"That'll be very curious," Lucas, the pastor, said. "New Jersey is the land of 'The Sopranos' and Snooki. A lot of people say New Jersey is a graveyard for the Christian faith, but the graveyard is where resurrections take place."
Tebow might not find the local streets paved with rose petals. A recent poll of readers by the Daily News indicates fans are torn: 44 percent hated the trade (30 percent loved it), but 53 percent said Tebow should be the starter.
Yet those who know Tebow insist he will fight to be the starter.
"His work ethic is off the charts," said Nathan Whitaker, the co-author of Tebow's memoir, Through My Eyes. "I walked away from each encounter with Tim thinking, 'Man, I really should apply myself harder. This guy's really something.'"
Tebow's a self-professed virgin. He doesn't lie, cheat, drink or use drugs. He's handsome, goes to church regularly, has a foundation that builds hospitals, and he makes several million dollars a year. When he doesn't come right home after work, it's because he's doing charity work.
Every woman with a daughter knows that's code for: He'd make a great son-in-law. Ronn Torossian, CEO of 5W Public Relations in New York, has represented Sean "Diddy" Combs, Snoop Dogg, pro basketball players and a host of evangelical organizations, and he knows that when Tebow so much as hugs a woman, it's going to make front-page tabloid news.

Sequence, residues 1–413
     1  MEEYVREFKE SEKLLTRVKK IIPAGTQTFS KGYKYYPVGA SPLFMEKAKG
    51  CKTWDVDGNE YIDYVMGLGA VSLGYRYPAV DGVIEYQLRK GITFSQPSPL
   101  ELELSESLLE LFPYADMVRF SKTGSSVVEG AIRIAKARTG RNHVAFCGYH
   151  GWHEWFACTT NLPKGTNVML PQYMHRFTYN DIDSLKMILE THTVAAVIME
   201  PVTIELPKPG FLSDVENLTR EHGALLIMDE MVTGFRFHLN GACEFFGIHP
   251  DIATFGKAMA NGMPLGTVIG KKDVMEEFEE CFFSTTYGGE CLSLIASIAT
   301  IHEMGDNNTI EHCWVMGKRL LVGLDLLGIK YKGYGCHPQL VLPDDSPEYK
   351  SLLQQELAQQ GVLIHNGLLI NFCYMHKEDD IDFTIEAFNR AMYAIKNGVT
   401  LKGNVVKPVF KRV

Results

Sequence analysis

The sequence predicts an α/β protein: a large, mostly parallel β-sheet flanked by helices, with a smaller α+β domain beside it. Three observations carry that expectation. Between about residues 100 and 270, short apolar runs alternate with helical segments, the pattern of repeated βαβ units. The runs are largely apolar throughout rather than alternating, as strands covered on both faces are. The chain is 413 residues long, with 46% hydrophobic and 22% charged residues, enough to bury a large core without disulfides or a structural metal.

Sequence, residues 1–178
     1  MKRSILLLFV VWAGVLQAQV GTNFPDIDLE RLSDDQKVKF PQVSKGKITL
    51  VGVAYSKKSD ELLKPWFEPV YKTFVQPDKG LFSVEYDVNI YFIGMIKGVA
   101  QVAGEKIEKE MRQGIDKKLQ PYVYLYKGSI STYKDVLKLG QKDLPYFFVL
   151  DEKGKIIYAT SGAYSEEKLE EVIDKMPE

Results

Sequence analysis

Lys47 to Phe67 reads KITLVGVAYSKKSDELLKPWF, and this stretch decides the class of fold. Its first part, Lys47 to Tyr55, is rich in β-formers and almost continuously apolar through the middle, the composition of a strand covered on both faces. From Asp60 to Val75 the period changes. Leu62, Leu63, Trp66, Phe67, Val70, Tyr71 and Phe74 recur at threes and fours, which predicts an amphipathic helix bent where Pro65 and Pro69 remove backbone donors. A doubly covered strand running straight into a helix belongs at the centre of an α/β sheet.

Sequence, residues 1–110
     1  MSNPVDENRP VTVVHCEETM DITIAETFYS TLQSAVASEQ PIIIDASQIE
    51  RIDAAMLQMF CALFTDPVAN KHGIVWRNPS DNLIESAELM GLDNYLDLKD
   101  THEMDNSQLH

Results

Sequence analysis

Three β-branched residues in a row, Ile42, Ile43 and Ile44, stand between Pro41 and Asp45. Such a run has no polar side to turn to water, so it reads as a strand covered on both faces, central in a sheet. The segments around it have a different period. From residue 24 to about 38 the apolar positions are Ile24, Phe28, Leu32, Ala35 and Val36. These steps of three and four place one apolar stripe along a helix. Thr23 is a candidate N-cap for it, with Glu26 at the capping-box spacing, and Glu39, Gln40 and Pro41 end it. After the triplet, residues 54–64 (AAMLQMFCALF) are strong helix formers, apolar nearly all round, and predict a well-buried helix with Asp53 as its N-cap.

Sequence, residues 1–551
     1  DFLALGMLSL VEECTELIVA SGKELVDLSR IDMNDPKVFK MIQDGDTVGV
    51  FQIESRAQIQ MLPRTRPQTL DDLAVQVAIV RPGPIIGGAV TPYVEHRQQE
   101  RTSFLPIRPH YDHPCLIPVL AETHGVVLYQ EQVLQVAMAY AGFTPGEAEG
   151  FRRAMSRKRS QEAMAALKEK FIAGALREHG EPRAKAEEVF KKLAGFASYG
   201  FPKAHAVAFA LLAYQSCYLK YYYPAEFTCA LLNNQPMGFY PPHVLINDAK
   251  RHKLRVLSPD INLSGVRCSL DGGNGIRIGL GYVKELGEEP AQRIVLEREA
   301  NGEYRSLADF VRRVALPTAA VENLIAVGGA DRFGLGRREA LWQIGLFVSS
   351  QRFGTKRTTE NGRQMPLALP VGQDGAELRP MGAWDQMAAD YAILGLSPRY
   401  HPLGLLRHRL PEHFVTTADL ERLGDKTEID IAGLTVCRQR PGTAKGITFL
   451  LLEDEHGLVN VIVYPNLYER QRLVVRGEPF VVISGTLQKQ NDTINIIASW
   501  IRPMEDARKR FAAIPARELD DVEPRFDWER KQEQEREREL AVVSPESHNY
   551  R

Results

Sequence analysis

"He has always been someone who's talked about being a private person," Torossian said. "Well, the concept of being private doesn't exactly exist in New York."
Until now, encounters with women have been, well, cute. In Denver, women -- single and married -- wore his jersey and held proposal signs. At a recent Q-and-A session in Butte, Mont., 17-year-old Ciera Schwartz came to pop her question: "Will you marry me?" Tebow blushed. Then moved on.
In January, Tebow told USA Today that he was "too busy with football and life" for a girlfriend. Within days of the December announcement that pop star Katy Perry was divorcing, her parents -- preachers Keith and Mary Hudson -- were trying to fix her up with the squeakiest guy on Earth.
Perry's mom told a friend: "The best cure for a heartache is to fall in love again," and why not Tebow? "He's handsome, charming, intelligent and, above all, a Christian."
The meeting hasn't happened yet, and Perry reportedly has a new beau.
"I'm blessed to have a close-knit [group] around me," Tebow told USA Today. "I love meeting and talking with people, socializing and hanging out. But people can read it the wrong way."
No matter how big Tebow gets in the biggest sports and media market in the world, his co-author doesn't believe it will affect him, because only a few people have his ear -- starting with God.
"People already watch everything he does and tweet about it," Whitaker said. "He's already so scrutinized and it doesn't affect him. I'm not sure how much more intense it can get."
Kevin Manahan writes for The Star-Ledger in Newark, N.J. Conor Orr and Matthew Stanmyre contributed to this report.
c. 2012 Religion News Service. Used with permission.
Publication date: March 27, 2012